Stephen Alexander, owner of three Cumbrae’s retail meat stores in Toronto and Cumbrae Farms, a wholesaler for naturally raised meats, started with one store in 1994 when he was 22 years old. A third-generation butcher who grew up in top-flight butcher shops in Australia, Mr. Alexander credits his upbringing for giving him the skills to be successful in his industry.
How has 2010 been compared to other years?
2010 is shaping up to be a great year. Once spring came, people were spending again. We noticed that buzz. Sales went up and people were happy to buy. Our biggest seller is the same as every year – beef. We’re primarily a butcher shop, so beef. We have our own herd of wagyu [cattle]which we breed ourselves. They’re a very high-end luxury item, not like a rare imported truffle from Italy at $1,000 a pound – it’s a locally raised cow – but in 2009, people were shying away from that, saying, ‘I don’t really need that $50-a-pound steak, I can have some nice hamburger and a regular Angus sirloin.’ This year, people are prepared to indulge a little more, back to what was normal shopping habits for us.
We had huge momentum from 2006, 2007 and 2008 when people were out there spending money, but once the recession came, our high-end items slowed down. I don’t think we lost any customers, but people were careful, even if they had the money. Perhaps they’d have a roast chicken instead of a rack of lamb, about a third of the price.
One thing I noticed at the start of the recession was that my restaurant clientele, the chefs who buy from me, did an immediate about-face as far as expensive items went. Everything went to a price point. They all wanted to get into inexpensive cuts that they could turn around and sell as a main dish under $30 instead of $40. The restaurant industry had to reconfigure quickly and get their price points down. Everybody wanted value for money, so we found our wholesale clientele shifted really quickly to the inexpensive cuts like lamb shanks or shoulder instead of premium cuts, or short ribs and braising cuts instead of strip loins. Consumers were really embracing it too.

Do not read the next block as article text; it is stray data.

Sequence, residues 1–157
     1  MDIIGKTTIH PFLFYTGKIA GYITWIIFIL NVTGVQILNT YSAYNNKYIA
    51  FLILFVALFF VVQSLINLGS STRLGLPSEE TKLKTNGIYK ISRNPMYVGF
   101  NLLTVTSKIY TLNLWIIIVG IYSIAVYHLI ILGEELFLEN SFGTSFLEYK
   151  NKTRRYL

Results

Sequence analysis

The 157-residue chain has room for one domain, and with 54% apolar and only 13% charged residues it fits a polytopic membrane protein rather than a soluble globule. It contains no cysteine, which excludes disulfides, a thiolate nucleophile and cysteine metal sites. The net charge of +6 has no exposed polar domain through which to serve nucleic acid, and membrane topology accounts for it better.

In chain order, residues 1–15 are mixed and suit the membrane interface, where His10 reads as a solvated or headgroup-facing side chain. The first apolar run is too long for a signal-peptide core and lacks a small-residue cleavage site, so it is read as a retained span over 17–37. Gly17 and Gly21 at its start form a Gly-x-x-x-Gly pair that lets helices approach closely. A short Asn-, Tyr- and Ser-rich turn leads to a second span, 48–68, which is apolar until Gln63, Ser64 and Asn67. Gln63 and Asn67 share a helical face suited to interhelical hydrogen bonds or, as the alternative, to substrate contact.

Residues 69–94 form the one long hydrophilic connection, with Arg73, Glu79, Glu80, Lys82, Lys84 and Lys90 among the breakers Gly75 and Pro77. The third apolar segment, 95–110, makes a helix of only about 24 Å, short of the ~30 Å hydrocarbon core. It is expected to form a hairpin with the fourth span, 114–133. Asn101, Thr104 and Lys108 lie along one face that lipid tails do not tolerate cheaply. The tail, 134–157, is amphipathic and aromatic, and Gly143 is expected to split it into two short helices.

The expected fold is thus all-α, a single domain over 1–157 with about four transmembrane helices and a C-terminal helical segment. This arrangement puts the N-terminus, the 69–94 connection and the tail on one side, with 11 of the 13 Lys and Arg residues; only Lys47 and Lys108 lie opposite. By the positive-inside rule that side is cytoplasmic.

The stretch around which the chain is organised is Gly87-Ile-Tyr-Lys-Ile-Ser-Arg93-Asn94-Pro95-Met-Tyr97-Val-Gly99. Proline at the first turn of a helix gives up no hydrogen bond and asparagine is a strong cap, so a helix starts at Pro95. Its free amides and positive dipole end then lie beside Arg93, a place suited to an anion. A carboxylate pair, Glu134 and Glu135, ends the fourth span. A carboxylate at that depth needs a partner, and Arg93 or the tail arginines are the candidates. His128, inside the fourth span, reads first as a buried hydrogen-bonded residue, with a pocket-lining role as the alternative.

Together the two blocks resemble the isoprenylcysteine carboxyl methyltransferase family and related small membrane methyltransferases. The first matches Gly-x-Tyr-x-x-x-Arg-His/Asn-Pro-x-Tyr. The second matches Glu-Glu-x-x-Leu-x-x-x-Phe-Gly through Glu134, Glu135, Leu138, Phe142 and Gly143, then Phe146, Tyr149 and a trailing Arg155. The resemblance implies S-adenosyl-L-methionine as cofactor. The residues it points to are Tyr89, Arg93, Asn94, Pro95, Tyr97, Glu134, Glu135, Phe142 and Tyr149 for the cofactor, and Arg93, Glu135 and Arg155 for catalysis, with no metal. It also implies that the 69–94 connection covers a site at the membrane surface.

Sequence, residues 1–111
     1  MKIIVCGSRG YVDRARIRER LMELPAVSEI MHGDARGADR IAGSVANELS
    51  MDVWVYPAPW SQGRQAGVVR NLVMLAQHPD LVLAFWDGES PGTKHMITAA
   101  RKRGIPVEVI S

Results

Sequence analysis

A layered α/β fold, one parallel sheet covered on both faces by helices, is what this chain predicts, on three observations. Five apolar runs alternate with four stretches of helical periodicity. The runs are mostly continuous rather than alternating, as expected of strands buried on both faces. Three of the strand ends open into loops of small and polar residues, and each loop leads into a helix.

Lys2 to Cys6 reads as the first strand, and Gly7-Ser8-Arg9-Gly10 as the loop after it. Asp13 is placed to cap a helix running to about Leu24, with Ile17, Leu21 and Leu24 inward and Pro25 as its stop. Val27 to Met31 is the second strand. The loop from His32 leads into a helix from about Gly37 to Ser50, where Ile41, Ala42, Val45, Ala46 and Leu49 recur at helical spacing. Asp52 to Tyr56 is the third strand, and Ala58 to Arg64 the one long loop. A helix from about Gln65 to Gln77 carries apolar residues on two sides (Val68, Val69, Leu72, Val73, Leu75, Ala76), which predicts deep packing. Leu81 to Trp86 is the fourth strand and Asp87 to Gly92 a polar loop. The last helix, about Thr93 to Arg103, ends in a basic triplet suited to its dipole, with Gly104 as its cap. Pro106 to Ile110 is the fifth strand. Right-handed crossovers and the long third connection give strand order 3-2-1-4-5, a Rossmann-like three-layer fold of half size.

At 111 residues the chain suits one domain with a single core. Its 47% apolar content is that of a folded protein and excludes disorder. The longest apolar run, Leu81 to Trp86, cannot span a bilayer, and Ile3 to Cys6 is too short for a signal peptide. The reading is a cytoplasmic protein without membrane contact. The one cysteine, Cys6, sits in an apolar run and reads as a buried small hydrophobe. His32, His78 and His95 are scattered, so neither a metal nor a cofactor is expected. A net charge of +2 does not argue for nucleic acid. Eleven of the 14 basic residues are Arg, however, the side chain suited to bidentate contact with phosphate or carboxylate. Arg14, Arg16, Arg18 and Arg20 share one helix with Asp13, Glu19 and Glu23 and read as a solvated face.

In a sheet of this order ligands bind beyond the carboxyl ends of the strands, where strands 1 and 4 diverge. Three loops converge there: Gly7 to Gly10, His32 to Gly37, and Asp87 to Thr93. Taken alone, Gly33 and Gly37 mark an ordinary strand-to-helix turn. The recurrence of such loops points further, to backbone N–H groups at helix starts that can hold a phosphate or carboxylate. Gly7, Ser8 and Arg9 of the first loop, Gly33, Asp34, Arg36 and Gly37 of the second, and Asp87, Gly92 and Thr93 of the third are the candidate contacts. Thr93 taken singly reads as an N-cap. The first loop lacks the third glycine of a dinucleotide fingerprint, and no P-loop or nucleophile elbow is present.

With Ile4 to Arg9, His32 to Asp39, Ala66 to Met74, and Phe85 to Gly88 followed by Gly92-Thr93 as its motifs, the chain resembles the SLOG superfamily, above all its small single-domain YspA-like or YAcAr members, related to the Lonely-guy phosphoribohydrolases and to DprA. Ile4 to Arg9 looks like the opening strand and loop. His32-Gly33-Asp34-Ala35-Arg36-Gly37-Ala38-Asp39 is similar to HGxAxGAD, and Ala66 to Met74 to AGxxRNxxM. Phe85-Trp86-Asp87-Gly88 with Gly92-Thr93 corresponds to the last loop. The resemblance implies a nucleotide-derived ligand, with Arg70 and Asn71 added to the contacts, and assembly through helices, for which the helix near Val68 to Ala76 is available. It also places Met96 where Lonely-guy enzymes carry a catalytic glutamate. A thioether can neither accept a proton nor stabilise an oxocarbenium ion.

I don’t think it was a bad thing. The quality of the food on the plate didn’t go down and the chefs got creative. Our sales didn’t go down either, but the growth we’d been experiencing stopped.
What’s your advice to entrepreneurs who want to open in your industry?
My industry, artisanal butchering, is definitely big at the moment. Anything artisanal, with product of origin, whether it’s meat or vegetables or dairy, is a great growth industry. I don’t think it’s going to be a flash in the pan. People are very concerned about how they eat now, for a whole lot of reasons, not just because of the taste but for health and the sheer love of food. It all ties into the environment, supporting local farmers and sustainability, so I think it’s a great field to get into.
What else have you learned that you’d like to share?
I learn something every day. My dishwasher can teach me how to organize my sink better or my head farm manager can tell me how we can raise cattle better. We learn from each other.
We have a real group mentality here. We’ll do a dish here in our kitchen and five of us will sit around, taste it and all compare notes. People are everything in business. Looking after them, treating them with respect and having them love what they do is the most important thing. I learned that from my father who had guys who worked for him for 25 years. Make it so it’s their company as well and not just yours. When you’ve got good people that you know care, make sure you care for them. If I was going to give anyone advice in business, that would be it.
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